Sadly for shareholders, in November 2017 WAC filed for Chapter 11 bankruptcy reorganization, per the following (source):
(Interestingly, Walter Energy also filed for Chapter 11 back in 2015 and has since re-emerged as a public company under the name Warrior Met Coal (HCC), regarding which see our Market Musings blogs dated November 3, 2017 and November 13, 2017, respectively).
WAC's demise appears to have been caused by a combination of low interest rates (which can exacerbate portfolio runoff as borrowers refinance their mortgages) and an unfortunate foray into reverse mortgage lending. However, none of WAC's prior issues really matter that much to prospective shareholders, who look to the future rather than the past. Despite filing for Chapter 11, WAC's shares currently trade in the mid-70s cent range:
Why not zero? Well, WAC's existing shareholders will not be wiped out by the bankruptcy filing, as is normally the case. Instead, shareholders will own a combination of stock and warrants in the reorganized entity. The stock portion should comprise approximately 8.5% equity ownership of the new entity. We arrive at this 8.5% figure by deducting from the total reorganized equity value (1) 73% allocable to the convertible preferred holders and (2) 10% allocable to management pursuant to an incentive compensation plan, and multiplying the resulting figure (i.e., 17%) by 50% (for which, see the excerpt from WAC's Form 10-Q below). Shareholders will also be entitled to half of the 10-year warrants to buy common shares which are expected to be issued in connection with the reorganization (details of which are described in the Plan of Reorganization located here). Additional details regarding the foregoing are included in WAC's most recent 10-Q filing, as follows:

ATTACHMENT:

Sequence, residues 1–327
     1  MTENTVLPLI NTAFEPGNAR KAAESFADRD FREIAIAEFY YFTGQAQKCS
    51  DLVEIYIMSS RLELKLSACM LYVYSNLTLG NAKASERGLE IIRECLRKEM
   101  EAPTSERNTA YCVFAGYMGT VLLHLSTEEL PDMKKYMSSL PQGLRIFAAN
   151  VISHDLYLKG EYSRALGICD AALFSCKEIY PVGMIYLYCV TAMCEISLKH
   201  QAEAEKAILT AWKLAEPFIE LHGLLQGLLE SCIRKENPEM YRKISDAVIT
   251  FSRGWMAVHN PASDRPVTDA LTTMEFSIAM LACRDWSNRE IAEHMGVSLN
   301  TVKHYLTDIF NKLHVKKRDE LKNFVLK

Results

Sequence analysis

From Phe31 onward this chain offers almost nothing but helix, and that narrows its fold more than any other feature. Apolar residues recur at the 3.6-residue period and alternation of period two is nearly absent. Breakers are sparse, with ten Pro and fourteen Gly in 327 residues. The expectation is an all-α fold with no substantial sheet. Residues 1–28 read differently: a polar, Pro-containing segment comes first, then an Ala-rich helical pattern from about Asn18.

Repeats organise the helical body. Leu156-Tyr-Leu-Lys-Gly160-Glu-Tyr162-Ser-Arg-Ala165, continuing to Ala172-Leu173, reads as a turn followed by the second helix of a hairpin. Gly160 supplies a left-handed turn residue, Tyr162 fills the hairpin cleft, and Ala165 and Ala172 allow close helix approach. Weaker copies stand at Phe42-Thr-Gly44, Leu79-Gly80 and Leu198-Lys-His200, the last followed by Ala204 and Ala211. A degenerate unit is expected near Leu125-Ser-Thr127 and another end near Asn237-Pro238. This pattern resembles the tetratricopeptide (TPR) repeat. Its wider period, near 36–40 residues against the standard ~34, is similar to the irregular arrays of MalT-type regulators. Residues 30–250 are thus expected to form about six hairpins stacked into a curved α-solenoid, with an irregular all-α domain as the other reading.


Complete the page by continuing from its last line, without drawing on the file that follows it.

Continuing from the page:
A week ago, the reorganization plan was approved by the bankruptcy court (source):
What could the 8.5% equity interest for existing WAC shareholders be worth? According to the most recent Monthly Operating Report (or MOR) filed with the bankruptcy court (source), WAC (at the holdco level) had shareholder equity as of December 31, 2017 of negative $440 million:
As noted in the reorganization press release included above, though, $800 million of WAC's debt will be wiped out. Thus, on a pro forma basis, we should expect shareholder equity to be around $350 million or so ($800 million minus $440 million), with minimal intangible or goodwill assets included. As the existing common shares will receive 8.5% of the reorganized equity, book value for these holders on a pro forma basis will be approximately $30 million ($350 X 8.5%). With 37.4 million common shares outstanding as of November 2017 (per the Q3 2017 10-Q), this means that pro forma book value per share attributable to existing holders will be about $0.80/share, higher than where the shares currently trade.
Moreover, long-term interest rates are finally rising, boding well for the value of WAC's mortgage servicing assets. Below we see that the 10-year Treasury yield has appreciated approximately 60 bps over the past five months, from slightly over 2% in early September 2017 to 2.64% currently (source):
Finally, we need to ascertain the value of the warrants. Admittedly, we have not yet done the necessary diligence to reach a conclusion regarding this number, so this item is still TBD.
Market Musings - January 17, 2018]]>, 18 Jan 2018 04:19:57 +0000
We continue our blog series: Market Musings, Volume 2, Edition 4, giving our (hopefully not too random) thoughts on recent goings-on in the markets. Today, we present